A new music streaming platform is emerging onto the scene. Ursa Music made its premiere in Austin, Texas, at SXSW 2019, introducing us to an entirely different way to consume music. The streaming service (which officially launches this year) features extensive artist-controlled profiles. Now music, photos, videos, tour dates, bios, and more, can be found all in one place.
Ursa is giving us a platform that allows both fans and artists to engage while listening to music.
Yesterday is History
The way a consumer takes in music has certainly changed over the years. Phonographs, record players, and turntables have each had their place in the timeline. As modern technology evolved, we watched 78s, 33s, and 45s move to cassette tapes and CDs.
Moving into the digital age, we saw the birth of iTunes. The “jukebox” software was revolutionary. Users could create and manage their music library, geared specifically for their Mac. Steve Jobs had shown us the future. The free download allowed users to import songs from their favorite CDs (compress them into the then-popular MP3 format) and store them on their computer’s hard drive.
For the first time, fans could organize their music in a way that was meant for the 21st century. All they had to do was download iTunes. That allowed them to search, browse, burn their own CDs, and create a playlist which all worked in one easy-to-use application.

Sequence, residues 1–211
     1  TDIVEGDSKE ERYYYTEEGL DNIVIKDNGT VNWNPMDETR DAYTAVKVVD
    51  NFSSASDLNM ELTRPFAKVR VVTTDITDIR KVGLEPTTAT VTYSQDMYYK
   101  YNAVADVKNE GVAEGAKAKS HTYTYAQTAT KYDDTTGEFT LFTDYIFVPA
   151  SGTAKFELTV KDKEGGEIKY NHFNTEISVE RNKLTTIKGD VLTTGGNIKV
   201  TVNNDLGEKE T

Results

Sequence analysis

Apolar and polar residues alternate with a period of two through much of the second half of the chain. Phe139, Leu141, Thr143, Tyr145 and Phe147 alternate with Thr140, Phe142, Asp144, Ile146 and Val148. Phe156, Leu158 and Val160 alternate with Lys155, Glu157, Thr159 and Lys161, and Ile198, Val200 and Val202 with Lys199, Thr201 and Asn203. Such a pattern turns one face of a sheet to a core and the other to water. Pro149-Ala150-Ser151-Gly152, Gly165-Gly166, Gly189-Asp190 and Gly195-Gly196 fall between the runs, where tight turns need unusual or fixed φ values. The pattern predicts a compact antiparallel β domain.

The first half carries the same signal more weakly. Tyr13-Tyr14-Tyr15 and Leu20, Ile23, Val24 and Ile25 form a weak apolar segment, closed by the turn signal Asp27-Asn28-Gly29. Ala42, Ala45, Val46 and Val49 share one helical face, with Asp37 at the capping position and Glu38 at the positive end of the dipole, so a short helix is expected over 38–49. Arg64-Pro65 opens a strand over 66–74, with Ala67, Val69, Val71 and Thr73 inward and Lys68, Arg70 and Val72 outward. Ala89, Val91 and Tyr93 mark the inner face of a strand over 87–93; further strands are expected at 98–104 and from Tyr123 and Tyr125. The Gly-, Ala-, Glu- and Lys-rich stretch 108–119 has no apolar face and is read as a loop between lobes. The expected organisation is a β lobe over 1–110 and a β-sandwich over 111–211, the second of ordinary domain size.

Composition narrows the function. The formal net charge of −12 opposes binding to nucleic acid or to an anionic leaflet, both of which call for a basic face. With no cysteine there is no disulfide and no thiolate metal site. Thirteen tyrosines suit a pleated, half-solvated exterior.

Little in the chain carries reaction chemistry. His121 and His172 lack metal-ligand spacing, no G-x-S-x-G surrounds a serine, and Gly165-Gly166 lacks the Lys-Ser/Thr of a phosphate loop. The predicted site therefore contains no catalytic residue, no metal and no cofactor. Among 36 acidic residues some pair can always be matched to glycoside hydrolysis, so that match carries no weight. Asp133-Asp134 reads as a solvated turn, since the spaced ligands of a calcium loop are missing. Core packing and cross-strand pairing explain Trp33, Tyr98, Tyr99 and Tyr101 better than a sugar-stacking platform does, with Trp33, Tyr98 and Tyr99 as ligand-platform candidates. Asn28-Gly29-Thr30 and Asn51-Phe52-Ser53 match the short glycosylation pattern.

And Now for Something Completely Different
Ursa Music steps onto the scene at just the right time. It’s similar to Apple Music or Spotify in some respects but is way more extensive. With Ursa, co-founders Christopher Jones and Chad Royce are redefining what a music streaming platform should be and showing us how we can make it better. Ursa Music creates a place where fans can go to listen to the songs they love while inviting them to explore more about the artists who create them. They’ve constructed a community for people to discover and engage.
Artists can post things such as liner notes, credits, details about the artwork, about the song, about the album; all of these things that we’ve lost in the digital era. What used to come enclosed in a cassette tape or CD can now be found online, in a single app. Fans will now be able to interact with those things, while they’re listening to music.
Royce and Jones are based in New York. They both come from musical backgrounds. Jones is a singer/songwriter, and Royce is a producer/songwriter. They began this journey, knowing that there was no place in this digital age where fans could see things outside of the music. Right now it’s just metadata, and we all know that artists are so much more than that. Before Ursa, there was no place to showcase all of the people who contributed to the music besides the artist themselves.
Let’s Tech About the Future
Thanks to Ursa Music, technology is catching up to where we all want it to be. Now we have a place for producers to be able to show every single album they’ve ever produced. The same goes for songwriters, bass players; the list goes on. For people who are part of big bands, but also do their own things, Ursa gives them a place to exist within streaming music.